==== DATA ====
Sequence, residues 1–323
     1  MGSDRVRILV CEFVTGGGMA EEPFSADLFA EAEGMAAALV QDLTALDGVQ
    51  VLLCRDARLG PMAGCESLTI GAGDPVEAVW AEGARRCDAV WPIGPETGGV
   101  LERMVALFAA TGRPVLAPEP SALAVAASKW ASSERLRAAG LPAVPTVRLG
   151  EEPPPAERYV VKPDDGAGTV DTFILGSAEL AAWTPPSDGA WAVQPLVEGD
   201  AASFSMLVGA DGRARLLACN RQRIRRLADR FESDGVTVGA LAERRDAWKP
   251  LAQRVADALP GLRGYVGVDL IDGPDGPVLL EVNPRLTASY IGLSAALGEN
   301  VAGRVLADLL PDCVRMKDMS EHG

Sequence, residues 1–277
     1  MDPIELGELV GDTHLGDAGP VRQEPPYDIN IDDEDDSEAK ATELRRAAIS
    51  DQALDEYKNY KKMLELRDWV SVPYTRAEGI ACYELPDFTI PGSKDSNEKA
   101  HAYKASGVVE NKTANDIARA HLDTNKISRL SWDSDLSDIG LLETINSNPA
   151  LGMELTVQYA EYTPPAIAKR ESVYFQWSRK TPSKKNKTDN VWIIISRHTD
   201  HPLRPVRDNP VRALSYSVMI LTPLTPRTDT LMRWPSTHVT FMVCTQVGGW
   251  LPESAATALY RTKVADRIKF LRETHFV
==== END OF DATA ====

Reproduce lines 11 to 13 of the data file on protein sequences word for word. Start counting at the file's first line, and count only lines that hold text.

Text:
    51  DQALDEYKNY KKMLELRDWV SVPYTRAEGI ACYELPDFTI PGSKDSNEKA
   101  HAYKASGVVE NKTANDIARA HLDTNKISRL SWDSDLSDIG LLETINSNPA
   151  LGMELTVQYA EYTPPAIAKR ESVYFQWSRK TPSKKNKTDN VWIIISRHTD